Hackers Attack Sports Betting Sites

Online bookmaking operations such as Betfair had to fend off attacks by hackers, which knocked some sites offline. The attacks—called DDOS attacks—are designed to take sites down in hopes they will pay to have service restored. Details weren’t always released, but most sites were able to restore service.

It’s called a distributed denial of service hacker attack and they have been plaguing several online bookmakers such as Betfair in recent weeks.

The attacks knock sites offline as hackers hope to exact a ransom to get the sites back in service.

Last week, the Twitter helpdesk of Betfair reported that both its betting exchange and fixed-odds sportsbook had been knocked offline. The company said it was “currently experiencing a DDOS attack on our site, which is stopping all site traffic.”

The company said the shutdown was the result of “a deliberate attempt by a third party to interrupt our service.”

Betfair seems to have fought off the attack saying its site was “stable for now, however we are still monitoring to see if this malicious activity re-occurs.” But problems accessing the site were still apparent after that announcement.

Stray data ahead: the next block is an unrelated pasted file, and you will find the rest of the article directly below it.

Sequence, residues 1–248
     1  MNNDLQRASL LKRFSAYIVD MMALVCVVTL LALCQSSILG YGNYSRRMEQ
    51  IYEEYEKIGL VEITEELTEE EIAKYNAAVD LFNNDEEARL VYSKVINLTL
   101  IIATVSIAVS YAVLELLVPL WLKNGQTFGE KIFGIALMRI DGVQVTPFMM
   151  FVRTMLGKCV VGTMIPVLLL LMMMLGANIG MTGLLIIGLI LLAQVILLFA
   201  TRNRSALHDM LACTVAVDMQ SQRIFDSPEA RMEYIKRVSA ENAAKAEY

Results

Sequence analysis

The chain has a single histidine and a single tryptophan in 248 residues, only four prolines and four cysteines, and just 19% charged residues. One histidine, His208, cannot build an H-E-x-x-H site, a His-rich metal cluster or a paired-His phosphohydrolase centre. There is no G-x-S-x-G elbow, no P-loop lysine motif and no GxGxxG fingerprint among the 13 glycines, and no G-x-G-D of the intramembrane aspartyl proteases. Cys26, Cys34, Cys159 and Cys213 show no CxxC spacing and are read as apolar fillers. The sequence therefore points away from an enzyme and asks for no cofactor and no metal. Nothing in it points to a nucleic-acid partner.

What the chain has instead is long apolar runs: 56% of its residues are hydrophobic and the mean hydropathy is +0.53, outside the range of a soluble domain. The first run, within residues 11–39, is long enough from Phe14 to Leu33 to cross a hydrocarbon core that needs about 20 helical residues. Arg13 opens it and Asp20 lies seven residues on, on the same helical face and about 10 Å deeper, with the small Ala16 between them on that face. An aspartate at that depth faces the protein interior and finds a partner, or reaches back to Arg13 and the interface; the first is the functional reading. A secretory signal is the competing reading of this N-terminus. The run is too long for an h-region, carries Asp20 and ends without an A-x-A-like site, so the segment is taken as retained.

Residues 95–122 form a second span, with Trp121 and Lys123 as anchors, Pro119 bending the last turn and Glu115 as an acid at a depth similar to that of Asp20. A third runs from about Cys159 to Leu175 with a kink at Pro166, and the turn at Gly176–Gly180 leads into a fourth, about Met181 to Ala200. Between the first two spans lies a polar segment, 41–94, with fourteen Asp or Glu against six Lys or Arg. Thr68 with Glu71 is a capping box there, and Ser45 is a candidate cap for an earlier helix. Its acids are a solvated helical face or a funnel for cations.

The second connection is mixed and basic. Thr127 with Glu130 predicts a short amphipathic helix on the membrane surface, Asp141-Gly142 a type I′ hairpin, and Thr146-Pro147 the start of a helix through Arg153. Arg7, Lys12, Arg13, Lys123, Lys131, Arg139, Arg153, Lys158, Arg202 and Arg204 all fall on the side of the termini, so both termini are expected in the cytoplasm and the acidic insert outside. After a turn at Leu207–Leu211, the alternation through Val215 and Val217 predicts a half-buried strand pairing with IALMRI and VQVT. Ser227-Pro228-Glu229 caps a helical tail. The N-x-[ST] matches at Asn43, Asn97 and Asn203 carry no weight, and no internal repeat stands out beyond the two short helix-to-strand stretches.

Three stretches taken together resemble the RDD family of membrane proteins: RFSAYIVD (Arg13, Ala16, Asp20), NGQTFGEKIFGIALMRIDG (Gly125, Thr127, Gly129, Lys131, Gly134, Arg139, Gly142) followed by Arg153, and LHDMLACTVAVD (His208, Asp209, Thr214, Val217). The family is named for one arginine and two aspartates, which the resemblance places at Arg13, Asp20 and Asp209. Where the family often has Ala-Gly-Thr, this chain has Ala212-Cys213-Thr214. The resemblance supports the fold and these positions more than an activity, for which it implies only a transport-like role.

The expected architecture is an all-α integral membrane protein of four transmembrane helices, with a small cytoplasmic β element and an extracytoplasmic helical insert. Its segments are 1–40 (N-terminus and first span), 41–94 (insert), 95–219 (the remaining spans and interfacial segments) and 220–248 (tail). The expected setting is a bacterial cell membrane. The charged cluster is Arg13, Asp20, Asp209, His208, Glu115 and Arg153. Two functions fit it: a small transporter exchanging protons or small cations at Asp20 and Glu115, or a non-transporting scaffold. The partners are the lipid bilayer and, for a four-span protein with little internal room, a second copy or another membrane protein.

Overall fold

Such attacks are usually tied to large sporting events that a bookmaker could not afford to be offline for such as the recent Grand National racing fixture and the Masters golf tournament.

Earlier this month, Malta-licensed Betat Casino also reported coming under a DDOS attack by unknown attackers seeking payment in Bitcoin. The company called the attack “vicious, massive and widespread and hit our entire range of sub-nets.” The attackers reportedly asked for 10 Bitcoin, or roughly $2,200, in order to stop the harassment.

Other online gambling companies—including PokerStars, Unibet and Tonybet – have reportedly experienced similar connectivity issues over the past week, although the companies have not confirmed they were caused by cyber-attacks.

A distributed denial of service attack is when two or more people flood an online gaming server with communications requests. These illegitimate requests prevent the machine from being able to properly handle real requests, slowing traffic. Eventually, the overload of requests cause the system to crash.